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Muslim Pharmacy

In

the field of pharmacy, the first drugstores were opened by Muslim pharmacists in Baghdad in 754 The first apothecary shops were also founded by Muslim practitioners

The advances made in the Middle East by Muslim chemists in botany and chemistry led Muslim physicians to substantially develop pharmacology

Muhammad ibn Zakariya Razi (Rhazes) (865-915)


- acted to promote the medical uses of chemical compounds

Abu al-Qasim al-Zahrawi (Abulcasis) (936-1013)


-pioneered the preparation of medicines by sublimation and distillation - developed the Liber Servitoris

provides the readers with recipes and explains how to prepare the `simples from which were compounded the complex drugs then generally used

Sabur Ibn Sahl (d 869)


-the first physician to initiate pharmacopoedia, describing a large variety of drugs and remedies for ailments

Al-Biruni (973-1050)
- wrote one of the most valuable Islamic works on pharmacology entitled Kitab al-Saydalah

-also called The Book of Drugs

-give detailed knowledge of the properties of drugs and outlined the role of pharmacy and the functions and duties of the pharmacist

Ibn Sina (about 980-1037 A.D.)


Called Avicenna by the Western world

Persian Galen Pharmacist, poet, physician, philosopher and diplomat Among the brilliant contributors to the sciences of Pharmacy and Medicine during the Arabian era His pharmaceutical teachings were accepted as authority in the West until the 17th century; and still are dominant influences in the Orient.

Maridini

of Baghdad and Cairo Ibn al-Wafid (1008-1074)


- works were printed in Latin more than fifty times, appearing as De Medicinis Universalibus et Particularibus by `Mesue' and the Medicamentis Simplicibus by `Abenguefit
- Peter of Abano (1250-1316) translated and added a supplement to the work of al-Maridini under the title De Veneris

Al-Muwaffaq

Living in the 10th century wrote the foundations of the true properties of Remedies

described arsenious oxide and has been acquainted with silicic acid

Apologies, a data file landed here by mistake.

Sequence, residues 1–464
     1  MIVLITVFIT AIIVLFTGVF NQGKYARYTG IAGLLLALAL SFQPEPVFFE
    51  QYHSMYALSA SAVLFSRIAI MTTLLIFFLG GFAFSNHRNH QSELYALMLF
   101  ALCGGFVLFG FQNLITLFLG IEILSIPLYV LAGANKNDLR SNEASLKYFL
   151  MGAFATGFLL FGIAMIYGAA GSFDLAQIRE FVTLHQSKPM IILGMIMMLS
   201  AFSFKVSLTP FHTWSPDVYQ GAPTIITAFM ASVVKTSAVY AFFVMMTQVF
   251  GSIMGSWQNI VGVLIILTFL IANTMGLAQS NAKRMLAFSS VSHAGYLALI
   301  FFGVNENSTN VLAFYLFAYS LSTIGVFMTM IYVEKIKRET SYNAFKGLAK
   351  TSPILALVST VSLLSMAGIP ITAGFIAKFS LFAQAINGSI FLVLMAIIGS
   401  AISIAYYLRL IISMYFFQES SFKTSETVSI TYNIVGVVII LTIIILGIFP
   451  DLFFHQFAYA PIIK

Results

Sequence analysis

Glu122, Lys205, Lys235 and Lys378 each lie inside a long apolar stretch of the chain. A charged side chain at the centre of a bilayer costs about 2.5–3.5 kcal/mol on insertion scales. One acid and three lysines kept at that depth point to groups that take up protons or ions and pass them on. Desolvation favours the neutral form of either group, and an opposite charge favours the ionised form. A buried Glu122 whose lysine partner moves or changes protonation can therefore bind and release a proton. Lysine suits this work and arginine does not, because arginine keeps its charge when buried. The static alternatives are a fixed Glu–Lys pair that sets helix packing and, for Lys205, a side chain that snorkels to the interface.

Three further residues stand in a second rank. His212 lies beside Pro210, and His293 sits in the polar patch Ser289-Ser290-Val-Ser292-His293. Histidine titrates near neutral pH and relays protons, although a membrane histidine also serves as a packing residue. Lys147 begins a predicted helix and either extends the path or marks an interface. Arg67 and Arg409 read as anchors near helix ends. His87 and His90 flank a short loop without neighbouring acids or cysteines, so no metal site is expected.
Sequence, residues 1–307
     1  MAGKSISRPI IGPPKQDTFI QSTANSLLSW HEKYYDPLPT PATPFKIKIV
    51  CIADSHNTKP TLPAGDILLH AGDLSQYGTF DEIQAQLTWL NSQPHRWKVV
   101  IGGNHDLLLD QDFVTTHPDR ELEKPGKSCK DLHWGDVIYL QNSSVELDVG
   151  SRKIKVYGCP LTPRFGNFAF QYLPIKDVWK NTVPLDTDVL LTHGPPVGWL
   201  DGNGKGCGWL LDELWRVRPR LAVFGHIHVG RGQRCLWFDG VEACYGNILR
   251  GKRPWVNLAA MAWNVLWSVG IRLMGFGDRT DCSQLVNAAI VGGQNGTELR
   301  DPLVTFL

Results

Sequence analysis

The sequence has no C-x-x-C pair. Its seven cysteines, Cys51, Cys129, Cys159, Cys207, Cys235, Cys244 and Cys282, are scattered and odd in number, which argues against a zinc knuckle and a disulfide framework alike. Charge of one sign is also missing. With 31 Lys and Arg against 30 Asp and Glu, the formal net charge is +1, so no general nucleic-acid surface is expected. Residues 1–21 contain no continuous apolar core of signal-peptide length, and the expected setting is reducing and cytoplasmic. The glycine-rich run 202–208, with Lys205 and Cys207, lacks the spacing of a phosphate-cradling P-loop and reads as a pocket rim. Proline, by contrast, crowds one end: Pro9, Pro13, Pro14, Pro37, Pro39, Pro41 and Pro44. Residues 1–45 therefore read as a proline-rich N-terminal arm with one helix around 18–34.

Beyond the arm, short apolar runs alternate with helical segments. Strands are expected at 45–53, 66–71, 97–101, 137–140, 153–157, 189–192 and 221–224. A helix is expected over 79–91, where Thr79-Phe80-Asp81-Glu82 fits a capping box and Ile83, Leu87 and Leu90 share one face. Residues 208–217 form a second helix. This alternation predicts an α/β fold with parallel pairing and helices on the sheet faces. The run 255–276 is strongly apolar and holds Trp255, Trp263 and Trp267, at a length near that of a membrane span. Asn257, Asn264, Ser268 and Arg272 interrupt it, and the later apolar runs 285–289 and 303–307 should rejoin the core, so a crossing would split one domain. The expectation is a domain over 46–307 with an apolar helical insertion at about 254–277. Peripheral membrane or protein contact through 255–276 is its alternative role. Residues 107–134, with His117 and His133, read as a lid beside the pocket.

made clear distinction between sodium carbonate and potassium carbonate drew attention to the poisonous nature of copper compounds, especially copper vitriol, and also lead compounds

For hundreds of years, the Arabic world has had a profound influence on the science and art of pharmacy. Pharmacy's independence from medicine can be traced to the opening of the private apothecary in Baghdad circa AD 750.While charlatans, spice and perfume sellers, and drug dealers were common in the 8th century, pharmacy was already beginning to emerge as a respected profession. Mercurial ointments, mortars and pestles, flasks and spatulas, as well as evidence-based pharmacotherapeutics have their roots in Arabic pharmacy. Abu Bakr Mohammad IbnZakariya al-Razi (864-930AD) was perhaps one of the first to challenge the medical dogma and quackery of the day, and was a prolific writer of books on medicinal remedies for both professional and lay public audiences.1 Overall, these early developments have had a significant impact on the subsequent maturation of pharmacy in Europe, and ultimately, the rest of the world.

In Saudi Arabia, the first college of pharmacy was established in King Saud University (KSU), Riyadh, in 1959. The first year commenced with the enrollment of 17 students. Currently the total number of students in the College of Pharmacy at KSU has increased to over 1500 students. Other schools of pharmacy have since been established in Saudi Arabia. These include King Abdul Aziz University (KAAU) in Jeddah, The College of Dentistry and Pharmacy in Riyadh (a privately funded institution), The Faculty of Clinical Pharmacy at King Faisal University (KFU) in Al-Ehsa, Faculty of Pharmacy at King Khalid University in Abha

Chinese Pharmacy

Shen Nung (about 2000 B.C.)


Father of Chinese Pharmaceutics Emperor who started Chinese Pharmacy sought out and investigated the medicinal value of several hundred herbs wrote the first Pen T-Sao (The Botanical Basis of Pharmacy), or native herbal, recording 365 drugs, 11,000 Rx handed down by oral tradition Medicinal plants include podophyllum, rhubarb, ginseng, stramonium, cinnamon bark, and, in the boy's hand, ma huang, or Ephedra. Pharmaceutical records - clay tablets & long scrolls in 2000BC.

Pharmacy education in China focuses on pharmaceutical sciences, with the bachelor of science (BS) of pharmacy as the entry-level degree. Pharmacy practice curricula in these programs are centered on compounding, dispensing, pharmacy administration, and laboratory experiences, which are the traditional responsibilities for pharmacists. Additional graduate-level training is available at the master of science (MS) and the doctor of philosophy (PhD) levels, most of which concentrate on drug discovery and drug development research. Presently, the emphasis in practice is beginning to shift to clinical pharmacy. With this change, additional degree offerings are being developed to meet the growing demand for clinical pharmacists.

Modern higher education in pharmacy in China began in the Qing Dynasty in 1906. Before the establishment of the People's Republic of China In 1949, there were 8 schools and universities offering pharmacy programs and degrees. In 1955, the first university to recruit postgraduate pharmacy students in the People's Republic of China was Beijing Medical College (currently known as Peking University Health Science Center). Today, there are more than 257 pharmacy schools and universities that offer the BS degree and higher degrees throughout China. In 2005, more than 6,000 graduates received BS degrees, 800 received MS degrees, and 290 received PhD degrees in pharmacy.